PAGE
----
Though Tony’s Bar entered the downtown scene on Brooklyn Avenue in 1999, it represented what the viejitos call Old San Antonio.
Tony’s is a dimly-lit San Antonio-style cantina, where the beer—only beer—is cheap and the jukebox eclectic with a mix of Tejano, conjunto, country and oldies selections. Memories cover the walls in the form of Polaroids of loved ones, newspaper clippings and promotional posters of oldies bands, and Spurs memorabilia. It’s common for a family to celebrate a special occasion there, kids running around and everything. Much like Ram Ayala was to Taco Land, Tony’s Bar is also one of those unpretentious places that wouldn’t be the same, much less exist, without its proprietor, in this case, Tony Lopez, who entered the bar business later in life after a career as a real estate broker, among other jobs.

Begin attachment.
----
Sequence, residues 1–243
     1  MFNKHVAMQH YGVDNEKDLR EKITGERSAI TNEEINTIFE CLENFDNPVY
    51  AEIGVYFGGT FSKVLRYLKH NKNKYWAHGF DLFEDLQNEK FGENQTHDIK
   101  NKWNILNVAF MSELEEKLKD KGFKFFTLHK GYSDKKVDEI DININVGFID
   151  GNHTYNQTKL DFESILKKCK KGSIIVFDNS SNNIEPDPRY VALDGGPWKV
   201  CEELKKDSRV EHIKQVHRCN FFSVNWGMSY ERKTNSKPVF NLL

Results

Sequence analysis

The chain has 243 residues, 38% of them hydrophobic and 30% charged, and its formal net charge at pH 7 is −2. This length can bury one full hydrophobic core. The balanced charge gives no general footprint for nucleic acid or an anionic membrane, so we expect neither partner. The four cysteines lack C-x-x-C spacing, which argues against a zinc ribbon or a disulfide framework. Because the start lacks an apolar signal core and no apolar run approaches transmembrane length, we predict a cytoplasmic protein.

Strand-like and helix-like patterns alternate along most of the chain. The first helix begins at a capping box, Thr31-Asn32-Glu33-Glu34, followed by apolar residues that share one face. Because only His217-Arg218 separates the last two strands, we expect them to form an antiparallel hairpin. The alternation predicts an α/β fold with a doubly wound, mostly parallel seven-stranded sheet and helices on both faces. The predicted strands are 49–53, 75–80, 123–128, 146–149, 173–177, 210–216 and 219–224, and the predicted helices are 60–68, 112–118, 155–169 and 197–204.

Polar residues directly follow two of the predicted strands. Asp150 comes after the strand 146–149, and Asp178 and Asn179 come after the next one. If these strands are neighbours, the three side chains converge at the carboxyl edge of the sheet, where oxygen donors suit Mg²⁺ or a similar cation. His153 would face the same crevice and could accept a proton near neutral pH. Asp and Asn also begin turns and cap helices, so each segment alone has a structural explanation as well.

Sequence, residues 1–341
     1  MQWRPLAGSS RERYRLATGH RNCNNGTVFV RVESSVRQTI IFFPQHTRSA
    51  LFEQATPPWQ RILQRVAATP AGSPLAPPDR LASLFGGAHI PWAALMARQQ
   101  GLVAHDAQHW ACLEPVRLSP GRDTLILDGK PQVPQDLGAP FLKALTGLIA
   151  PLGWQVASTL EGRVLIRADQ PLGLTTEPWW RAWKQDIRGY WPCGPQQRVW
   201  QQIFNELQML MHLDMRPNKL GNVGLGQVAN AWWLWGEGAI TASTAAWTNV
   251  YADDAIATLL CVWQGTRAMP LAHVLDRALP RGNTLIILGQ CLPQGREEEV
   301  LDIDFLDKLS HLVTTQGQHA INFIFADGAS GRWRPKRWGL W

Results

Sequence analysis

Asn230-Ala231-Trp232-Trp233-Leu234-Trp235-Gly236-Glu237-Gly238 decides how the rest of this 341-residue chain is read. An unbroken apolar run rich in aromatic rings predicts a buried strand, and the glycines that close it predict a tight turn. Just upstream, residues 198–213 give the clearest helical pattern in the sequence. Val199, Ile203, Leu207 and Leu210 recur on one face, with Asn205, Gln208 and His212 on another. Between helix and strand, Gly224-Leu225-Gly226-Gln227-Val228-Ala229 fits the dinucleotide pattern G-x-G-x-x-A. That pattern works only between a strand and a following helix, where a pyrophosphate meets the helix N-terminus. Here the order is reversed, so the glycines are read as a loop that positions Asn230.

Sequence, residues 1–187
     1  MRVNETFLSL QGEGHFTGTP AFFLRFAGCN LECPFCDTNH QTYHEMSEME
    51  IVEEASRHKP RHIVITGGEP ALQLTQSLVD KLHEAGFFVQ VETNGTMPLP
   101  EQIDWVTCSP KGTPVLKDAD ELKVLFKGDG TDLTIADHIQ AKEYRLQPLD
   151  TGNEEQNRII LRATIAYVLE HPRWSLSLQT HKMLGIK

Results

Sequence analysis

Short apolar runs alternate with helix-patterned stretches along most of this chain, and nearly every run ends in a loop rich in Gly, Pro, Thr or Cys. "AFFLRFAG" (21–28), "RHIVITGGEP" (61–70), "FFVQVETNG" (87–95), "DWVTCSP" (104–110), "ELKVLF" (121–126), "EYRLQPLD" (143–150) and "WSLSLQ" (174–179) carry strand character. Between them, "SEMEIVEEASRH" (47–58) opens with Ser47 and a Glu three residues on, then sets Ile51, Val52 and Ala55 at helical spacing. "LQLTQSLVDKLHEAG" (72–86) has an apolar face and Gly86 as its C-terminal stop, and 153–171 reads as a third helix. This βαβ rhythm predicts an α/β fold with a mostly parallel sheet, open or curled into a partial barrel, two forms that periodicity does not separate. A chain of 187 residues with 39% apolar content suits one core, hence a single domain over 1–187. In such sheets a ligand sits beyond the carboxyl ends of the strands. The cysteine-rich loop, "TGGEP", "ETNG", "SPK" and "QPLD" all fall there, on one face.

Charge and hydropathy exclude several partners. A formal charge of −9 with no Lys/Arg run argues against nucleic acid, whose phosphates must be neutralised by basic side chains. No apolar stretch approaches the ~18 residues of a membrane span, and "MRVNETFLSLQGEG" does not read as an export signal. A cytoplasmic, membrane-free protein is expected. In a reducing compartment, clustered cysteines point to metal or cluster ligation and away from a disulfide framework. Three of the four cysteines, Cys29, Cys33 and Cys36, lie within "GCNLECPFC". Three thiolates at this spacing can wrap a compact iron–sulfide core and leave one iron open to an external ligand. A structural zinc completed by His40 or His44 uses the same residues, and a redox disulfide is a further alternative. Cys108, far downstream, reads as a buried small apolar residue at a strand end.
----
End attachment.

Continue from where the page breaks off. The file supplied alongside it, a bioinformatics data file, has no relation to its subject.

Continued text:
Perhaps the bar is most famously known for its Tower of the Americas replica, which was once toppled by a Spurs fan basking in the glow of the ’03 championship.
“Yeah, on the second championship, they torn down my tower, the little tower I have out there, celebrating, and knocked it down,” Tony, 79, said in his soft-spoken voice.
“So I told him, ‘You got the wrong tower, man,’ ” Tony said, suggesting rather irately that the dude climb the original.
Tony, who was born and raised in San Antonio, was in a nostalgic mood this week: On Friday, he’s closing his bar and retiring after 20 years—make that 20 Fiestas, four Spurs championships (he opened later in 1999), and thousands of micheladas (the house specialty)—of business.